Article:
06 December 2012


Editor's Note: This story first appeared in the 2006 edition of the literary journal Peregrine. I've posted it on my web site before, but not since converting to the blog format. Hope you enjoy!

When your Red Ball moving van pulled up in front of our house on West Clinton Street in Elmira, New York, and you honked its horn because you liked making people jump, our family’s way was to grin and bear it.

The Virgin Annunciate by Carlo Crivelli
You had at least one run a year between your house in Emporium, PA, and ours. My folks pretended you were welcome then complained about you when you left. When momma and her sisters got together back in Dayton, PA, they made fun of you, called you “boisterous” and swapped stories that always ended with “If it wasn’t for Aunt Minnie, we wouldn’t put up with that Roy Beck.”

Momma told you after your first visit she didn’t mind you and your son Richard, but she wasn’t feeding and making up beds for your other movers—quieter men than you, some with better manners, but not relatives and so people we didn’t have to take in.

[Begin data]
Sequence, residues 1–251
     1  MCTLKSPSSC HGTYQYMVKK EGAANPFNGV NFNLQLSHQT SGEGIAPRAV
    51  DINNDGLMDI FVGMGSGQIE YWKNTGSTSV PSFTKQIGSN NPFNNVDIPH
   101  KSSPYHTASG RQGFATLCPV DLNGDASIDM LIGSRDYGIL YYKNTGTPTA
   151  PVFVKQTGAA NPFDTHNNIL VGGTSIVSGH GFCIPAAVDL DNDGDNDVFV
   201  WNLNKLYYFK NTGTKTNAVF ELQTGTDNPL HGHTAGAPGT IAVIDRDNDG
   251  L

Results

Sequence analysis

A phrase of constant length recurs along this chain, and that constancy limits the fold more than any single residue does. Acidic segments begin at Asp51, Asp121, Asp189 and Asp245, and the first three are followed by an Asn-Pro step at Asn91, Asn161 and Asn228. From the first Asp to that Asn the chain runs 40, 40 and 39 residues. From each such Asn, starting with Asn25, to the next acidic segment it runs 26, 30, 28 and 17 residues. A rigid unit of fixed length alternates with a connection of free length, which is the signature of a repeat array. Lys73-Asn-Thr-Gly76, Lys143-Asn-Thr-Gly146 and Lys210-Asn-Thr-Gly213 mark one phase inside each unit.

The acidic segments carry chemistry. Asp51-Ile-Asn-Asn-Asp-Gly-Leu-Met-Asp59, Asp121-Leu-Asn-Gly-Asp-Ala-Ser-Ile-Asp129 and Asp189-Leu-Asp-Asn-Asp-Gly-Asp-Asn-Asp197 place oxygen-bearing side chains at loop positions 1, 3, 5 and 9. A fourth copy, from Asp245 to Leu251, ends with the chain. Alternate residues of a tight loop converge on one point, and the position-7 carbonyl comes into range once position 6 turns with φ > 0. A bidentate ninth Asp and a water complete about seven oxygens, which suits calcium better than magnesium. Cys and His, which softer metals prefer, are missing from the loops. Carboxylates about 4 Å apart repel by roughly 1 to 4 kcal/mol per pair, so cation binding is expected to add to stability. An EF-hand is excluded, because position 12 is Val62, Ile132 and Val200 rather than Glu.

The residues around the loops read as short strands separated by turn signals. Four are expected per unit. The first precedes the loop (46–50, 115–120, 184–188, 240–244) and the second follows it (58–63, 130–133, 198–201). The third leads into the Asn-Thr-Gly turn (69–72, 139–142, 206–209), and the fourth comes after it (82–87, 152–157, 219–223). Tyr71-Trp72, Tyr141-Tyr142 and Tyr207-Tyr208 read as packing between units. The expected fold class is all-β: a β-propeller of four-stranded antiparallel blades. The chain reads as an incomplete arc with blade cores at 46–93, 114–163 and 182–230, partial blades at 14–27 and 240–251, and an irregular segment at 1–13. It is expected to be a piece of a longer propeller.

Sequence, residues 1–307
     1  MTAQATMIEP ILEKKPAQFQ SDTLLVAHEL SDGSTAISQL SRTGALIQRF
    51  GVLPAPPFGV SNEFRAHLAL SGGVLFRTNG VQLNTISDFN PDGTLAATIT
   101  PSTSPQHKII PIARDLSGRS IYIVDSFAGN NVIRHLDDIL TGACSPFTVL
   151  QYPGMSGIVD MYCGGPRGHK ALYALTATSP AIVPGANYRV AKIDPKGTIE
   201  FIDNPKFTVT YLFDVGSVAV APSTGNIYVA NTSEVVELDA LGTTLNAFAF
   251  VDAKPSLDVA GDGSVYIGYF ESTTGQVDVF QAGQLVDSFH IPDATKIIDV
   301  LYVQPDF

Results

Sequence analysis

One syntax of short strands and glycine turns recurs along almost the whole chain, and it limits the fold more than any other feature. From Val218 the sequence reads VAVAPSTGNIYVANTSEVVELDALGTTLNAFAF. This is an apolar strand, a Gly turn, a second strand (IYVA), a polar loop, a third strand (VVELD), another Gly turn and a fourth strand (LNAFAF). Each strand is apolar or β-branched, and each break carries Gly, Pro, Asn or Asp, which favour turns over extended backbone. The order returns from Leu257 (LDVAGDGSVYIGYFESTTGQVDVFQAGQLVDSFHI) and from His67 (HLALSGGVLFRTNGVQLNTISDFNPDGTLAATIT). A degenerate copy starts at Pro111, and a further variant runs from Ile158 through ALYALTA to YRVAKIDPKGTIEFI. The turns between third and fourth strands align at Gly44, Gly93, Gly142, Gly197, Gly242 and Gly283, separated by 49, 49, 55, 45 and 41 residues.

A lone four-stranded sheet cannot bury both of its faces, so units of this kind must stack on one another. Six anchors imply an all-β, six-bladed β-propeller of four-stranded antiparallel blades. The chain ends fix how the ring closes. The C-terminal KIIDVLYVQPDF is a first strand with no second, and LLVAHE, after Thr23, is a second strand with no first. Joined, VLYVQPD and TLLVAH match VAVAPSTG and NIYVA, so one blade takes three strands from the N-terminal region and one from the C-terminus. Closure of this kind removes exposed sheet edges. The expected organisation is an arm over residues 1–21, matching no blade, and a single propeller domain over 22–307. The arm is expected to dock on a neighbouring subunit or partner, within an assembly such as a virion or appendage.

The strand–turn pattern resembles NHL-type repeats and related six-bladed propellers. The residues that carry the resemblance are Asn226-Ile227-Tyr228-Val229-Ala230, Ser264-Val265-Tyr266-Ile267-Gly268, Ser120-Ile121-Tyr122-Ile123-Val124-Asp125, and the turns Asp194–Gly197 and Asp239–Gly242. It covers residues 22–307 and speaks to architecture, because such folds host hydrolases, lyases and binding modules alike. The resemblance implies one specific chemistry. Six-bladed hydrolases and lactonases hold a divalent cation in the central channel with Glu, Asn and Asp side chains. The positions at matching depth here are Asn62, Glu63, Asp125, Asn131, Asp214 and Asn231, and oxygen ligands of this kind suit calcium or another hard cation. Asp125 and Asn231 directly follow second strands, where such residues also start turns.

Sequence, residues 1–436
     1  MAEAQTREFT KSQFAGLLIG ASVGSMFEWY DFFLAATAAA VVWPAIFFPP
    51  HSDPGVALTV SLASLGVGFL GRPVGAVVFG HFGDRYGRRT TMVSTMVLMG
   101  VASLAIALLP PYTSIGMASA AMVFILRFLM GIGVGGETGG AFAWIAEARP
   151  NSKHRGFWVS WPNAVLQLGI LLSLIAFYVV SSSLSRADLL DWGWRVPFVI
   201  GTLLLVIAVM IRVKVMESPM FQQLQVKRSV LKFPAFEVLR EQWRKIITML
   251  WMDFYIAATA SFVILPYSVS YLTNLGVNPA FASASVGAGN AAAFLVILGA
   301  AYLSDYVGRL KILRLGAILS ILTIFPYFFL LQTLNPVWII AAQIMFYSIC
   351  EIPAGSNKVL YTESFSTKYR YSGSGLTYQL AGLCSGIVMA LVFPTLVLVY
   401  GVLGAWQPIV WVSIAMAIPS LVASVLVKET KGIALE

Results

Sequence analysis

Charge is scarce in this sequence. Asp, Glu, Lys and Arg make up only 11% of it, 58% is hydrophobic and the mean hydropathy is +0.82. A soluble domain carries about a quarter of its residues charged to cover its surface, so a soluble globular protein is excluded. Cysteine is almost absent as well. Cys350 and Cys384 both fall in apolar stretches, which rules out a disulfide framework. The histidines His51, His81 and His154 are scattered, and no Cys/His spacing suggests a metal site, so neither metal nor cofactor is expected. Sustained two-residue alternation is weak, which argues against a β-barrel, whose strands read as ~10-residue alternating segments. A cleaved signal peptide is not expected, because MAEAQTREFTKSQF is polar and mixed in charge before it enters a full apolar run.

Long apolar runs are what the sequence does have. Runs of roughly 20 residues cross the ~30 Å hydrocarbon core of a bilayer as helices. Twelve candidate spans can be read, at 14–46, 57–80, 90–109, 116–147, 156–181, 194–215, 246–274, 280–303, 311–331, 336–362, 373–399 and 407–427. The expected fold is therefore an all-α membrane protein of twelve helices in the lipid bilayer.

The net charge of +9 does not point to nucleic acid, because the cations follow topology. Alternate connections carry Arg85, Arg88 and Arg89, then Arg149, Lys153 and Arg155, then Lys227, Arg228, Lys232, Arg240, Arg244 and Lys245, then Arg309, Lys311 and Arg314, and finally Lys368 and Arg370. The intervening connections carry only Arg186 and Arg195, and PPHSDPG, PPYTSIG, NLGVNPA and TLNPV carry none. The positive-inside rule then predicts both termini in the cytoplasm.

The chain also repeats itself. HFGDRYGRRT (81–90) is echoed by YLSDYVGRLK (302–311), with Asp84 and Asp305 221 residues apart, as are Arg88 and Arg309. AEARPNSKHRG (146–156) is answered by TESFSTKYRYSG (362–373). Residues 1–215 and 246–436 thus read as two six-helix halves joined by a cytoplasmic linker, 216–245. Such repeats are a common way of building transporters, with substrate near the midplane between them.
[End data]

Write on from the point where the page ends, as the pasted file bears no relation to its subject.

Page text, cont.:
I remember you as plenty rough around the edges but never mean. You laughed a lot and said things to kids other grownups wouldn’t say. Your big voice hurt my littler ears. Your plow-horse shoulders and arms squeezed me hello and goodbye hard. And you kissed my cheek with too much suction but, thankfully, no drool.

Once we visited you in the hospital in Sayre, PA, just over the state line, and you untied your robe and showed us the feeding tube planted in your stomach. Daddy said you didn’t know what you were doing because of the pain medicine. Momma said if she stayed any longer she’d have a stomach ulcer too. And you said the doctors took out three-quarters of your stomach. I wondered what was left for a tube to go into and couldn’t move my eyes from where it disappeared in folds of belly like the roots of the red rose that twined around the paper-bark birch in our front yard. Nobody said why you were in a hospital so far from home.